They can be kinda dense that way, like grocery store managers who refuse to stock a product that there’s definitely a demand for, then say they don’t stock it because “it doesn’t sell”. You cannot sell what you refuse to make available. My favorite examples of this dumbness are Strawberry Shasta and DAD’s Orange Cream. I’m pretty sure Shasta stopped making strawberry for a long time (latest post on their Facebook shows a pic with cans of strawberry, black cherry and ‘red pop’ so perhaps a comeback), replacing it with (ick) kiwi strawberry. Around here, some stores will order in a pallet or two of various DAD’s flavors and I gotta be fast because it’ll sell out pronto – yet despite the extremely obvious demand the stores refuse to make the brand a regular inventory item.

      1. The reason is self-competition. They product they refuse to stock would displace some other product with a better profit margin. They don’t want you to buy the better product, they want you to buy the product they make more money out of, such as crappy shop-brand ice-cream instead of Ben & Jerry’s.

        Same thing with DSL. Telcos are often charging an arm and a leg for dialup access in fringe areas, by the minute no less, and because dialup is slow people end up racking minutes and paying hundreds of dollars a month for internet access. The DSL would cost the customers considerably less per month, and the DSLAM costs money, so even increasing the number of customers in the area would put the company profits down.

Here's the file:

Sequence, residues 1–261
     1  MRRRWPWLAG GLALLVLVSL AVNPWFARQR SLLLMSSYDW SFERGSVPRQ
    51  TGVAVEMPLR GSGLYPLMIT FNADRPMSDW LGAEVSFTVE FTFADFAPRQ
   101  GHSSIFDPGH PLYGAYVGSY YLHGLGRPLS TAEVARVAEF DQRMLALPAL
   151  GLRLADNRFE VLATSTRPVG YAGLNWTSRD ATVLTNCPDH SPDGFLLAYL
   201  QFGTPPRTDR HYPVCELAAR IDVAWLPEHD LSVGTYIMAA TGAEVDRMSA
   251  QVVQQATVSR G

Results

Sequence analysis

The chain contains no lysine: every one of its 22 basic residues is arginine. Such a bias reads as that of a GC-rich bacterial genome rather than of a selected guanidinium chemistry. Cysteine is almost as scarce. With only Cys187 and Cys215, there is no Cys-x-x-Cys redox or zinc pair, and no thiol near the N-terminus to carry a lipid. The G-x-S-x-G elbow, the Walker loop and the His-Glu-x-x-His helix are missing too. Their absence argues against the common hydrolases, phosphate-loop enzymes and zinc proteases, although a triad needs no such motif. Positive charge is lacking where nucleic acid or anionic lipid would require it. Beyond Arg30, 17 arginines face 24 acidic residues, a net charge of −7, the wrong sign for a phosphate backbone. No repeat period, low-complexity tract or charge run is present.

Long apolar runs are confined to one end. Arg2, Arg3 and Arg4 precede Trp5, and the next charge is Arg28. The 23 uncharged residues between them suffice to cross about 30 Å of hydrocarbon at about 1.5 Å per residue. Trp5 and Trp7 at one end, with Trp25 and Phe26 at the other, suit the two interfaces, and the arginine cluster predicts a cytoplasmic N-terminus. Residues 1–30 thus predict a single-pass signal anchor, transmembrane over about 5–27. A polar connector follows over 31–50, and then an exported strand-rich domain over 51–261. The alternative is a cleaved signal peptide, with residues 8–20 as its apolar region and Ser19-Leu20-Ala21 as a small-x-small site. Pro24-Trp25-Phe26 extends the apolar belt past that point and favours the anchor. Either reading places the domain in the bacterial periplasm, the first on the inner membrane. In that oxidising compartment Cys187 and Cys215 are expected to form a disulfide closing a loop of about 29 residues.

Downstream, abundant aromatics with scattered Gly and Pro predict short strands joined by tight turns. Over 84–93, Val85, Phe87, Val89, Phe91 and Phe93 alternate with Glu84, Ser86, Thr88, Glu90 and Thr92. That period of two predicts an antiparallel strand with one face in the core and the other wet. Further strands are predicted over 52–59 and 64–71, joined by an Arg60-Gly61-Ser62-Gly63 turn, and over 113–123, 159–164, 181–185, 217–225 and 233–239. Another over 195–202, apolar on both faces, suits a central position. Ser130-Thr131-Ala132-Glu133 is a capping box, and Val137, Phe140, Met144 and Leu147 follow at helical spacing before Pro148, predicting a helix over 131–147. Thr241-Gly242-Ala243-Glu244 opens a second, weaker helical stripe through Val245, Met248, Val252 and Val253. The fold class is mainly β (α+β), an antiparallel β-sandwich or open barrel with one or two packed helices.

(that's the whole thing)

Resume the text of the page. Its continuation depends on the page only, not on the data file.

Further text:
2. DSLAMs cost a surprising amount of money to install.

        Electricity connections often cost $10k+ depending on the utility (the DSLAM needs power). Fibre can cost in the region of $50k/mile (the DSLAM needs to connect you to the internet). Then you need all the equipment in the box, the box itself and a place to put it.

        IMO if you don’t even have DSL it would be a great chance to setup a community WISP or even a community Fibre Co-op like B4RN.

        B4RN has like 95%+ uptake rates (which is insanely high, a gigabit provider in a town might only plan for 30-50%), because there’s barely an alternative. As soon as people have reliable 5+ mbps ADSL even gigabit becomes a much harder sell – yes 30-50% will jump right on board, but that’s half the revenue on the same costs.